Meridian Star

March 14, 2014

A fishing outing worth remembering

By Otha Barham
The Meridian Star

MERIDIAN — I have a pleasant memory that surfaces several times a year and it occurred to me just today that it had been hanging around for more than 50 years.

    There is not much else I recall about that year, if in fact it actually was 1953, except that by the Lord’s grace and charitable teachers I graduated high school. But I do remember a good bit about that white perch trip I made with my friend to Lake Washington in the Mississippi Delta.

    More people referred to crappie as white perch back then than today but anglers then and now know that the fish is one of delicate and tasty flesh; delicious whether fried, broiled or baked. And in the days before Okatibbee Reservoir was built, there wasn’t much big water around Meridian that held limitless crappie schools.

    Anglers talked about the Delta oxbow lakes where one could pull out the big slabs to the point of exhaustion, and those who had been there had the prints from their Kodaks to prove it. These stories stirred the spirit of adventure in my friend Ivan Chisolm and me. Such stirrings in teenage boys usually lead to actions; occasionally harmless ones. Our late winter journey to Lake Washington was one of those harmless though impressionable endeavors on which I can report, among a sea of ones that I shall never put in print.

    Simply put, we drove to the little town of Glen Allan, we camped, we caught lots of fish and we came home. For those who are not moved by nature or deep friendships or experiences that shape who we are, that is the story of our white perch trip. For the rest of us here is more to that story.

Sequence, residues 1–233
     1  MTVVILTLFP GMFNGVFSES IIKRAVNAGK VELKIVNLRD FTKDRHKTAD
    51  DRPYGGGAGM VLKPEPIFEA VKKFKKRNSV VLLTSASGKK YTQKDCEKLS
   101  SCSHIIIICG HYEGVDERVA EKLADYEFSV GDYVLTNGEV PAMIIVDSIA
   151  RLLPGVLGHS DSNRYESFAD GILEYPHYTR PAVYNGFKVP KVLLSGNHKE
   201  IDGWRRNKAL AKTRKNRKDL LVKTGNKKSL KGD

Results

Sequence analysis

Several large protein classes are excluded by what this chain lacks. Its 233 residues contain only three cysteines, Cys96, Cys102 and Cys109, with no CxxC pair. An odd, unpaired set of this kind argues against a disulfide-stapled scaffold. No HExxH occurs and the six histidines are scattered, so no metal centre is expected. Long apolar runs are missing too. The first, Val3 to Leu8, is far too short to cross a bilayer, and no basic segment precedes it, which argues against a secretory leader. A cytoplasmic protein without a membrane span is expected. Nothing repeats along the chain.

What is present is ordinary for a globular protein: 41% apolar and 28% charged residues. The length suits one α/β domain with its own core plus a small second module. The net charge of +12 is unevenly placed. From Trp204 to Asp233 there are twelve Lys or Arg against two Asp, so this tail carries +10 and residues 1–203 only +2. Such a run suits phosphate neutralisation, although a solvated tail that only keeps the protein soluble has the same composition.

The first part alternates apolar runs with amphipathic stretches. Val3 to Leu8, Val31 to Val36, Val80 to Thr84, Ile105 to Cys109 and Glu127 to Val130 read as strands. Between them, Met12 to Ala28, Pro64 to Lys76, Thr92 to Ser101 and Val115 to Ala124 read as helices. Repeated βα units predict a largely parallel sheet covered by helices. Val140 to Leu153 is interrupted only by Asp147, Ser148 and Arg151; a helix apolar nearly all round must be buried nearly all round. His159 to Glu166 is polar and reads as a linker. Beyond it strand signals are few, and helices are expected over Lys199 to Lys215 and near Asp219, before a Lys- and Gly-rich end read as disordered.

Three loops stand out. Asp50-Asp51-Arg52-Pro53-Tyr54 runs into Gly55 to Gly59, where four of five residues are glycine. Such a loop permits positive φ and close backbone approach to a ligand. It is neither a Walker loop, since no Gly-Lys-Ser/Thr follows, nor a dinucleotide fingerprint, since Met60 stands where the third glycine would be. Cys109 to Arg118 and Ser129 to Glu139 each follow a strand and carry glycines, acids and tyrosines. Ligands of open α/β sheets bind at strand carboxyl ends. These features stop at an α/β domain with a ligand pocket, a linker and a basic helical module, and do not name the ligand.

The happenings on that excursion are less clear after all this time, but they include spending the night curled up in Chiz’s 1947 Ford, boating limits of the big speckled fish and perfect fishing weather. A personal highlight was a plate-size crappie I caught on a deep running Arbogast Hawaiian Wiggler while sneaking in a few casts for bass. Chiz recalls the cottonmouths that gathered at the dock to gorge on remnants from our fish-cleaning.

    Prominent in my mind are the sights and sounds and smells of that fisherman’s paradise. Funny how the thud of a wooden paddle against the waterlogged boards of an old wooden boat can remain in one’s mind for half a century. The rented boat moved through the water at a snail’s pace, easily becoming stationary once the sculling stopped because it’s soaked hull probably weighed 300 pounds. The old boat stayed quietly in place while we worked each crappie bed in the shallows.

    Along the banks water moccasins watched us from their perches in the forks of low branches . I can close my eyes and see the brownish water lapping gently against countless cypress knees that jutted up from every space between the huge water-loving trees.

    I can still see a lanky black man, looking too large for his tiny wooden boat; only his feet hidden below the gunnel planks, stretching out his arm to extend a long cane pole to a crappie bed. His work shirt sleeves were rolled up to his elbows. His long arm and long pole seemed to stretch for 15 feet where he slipped a minnow into the water with nary a sound or splash.

    It was late February, too early for the smells of honeysuckle and bluegill beds. But the cool air was suffused with the aroma of plant life in warming water, decaying wood and the fishy smell of the old boat.

    Memories sometimes seem to linger as welcome evidence not only of inspiring natural surroundings, or measurable success, but of subtle influences that motivate us to be better persons. You never know when you go on a fishing trip just what lies in store. If we keep going back for more, meaningful experiences like the Lake Washington crappie trip will come along to enrich our lives.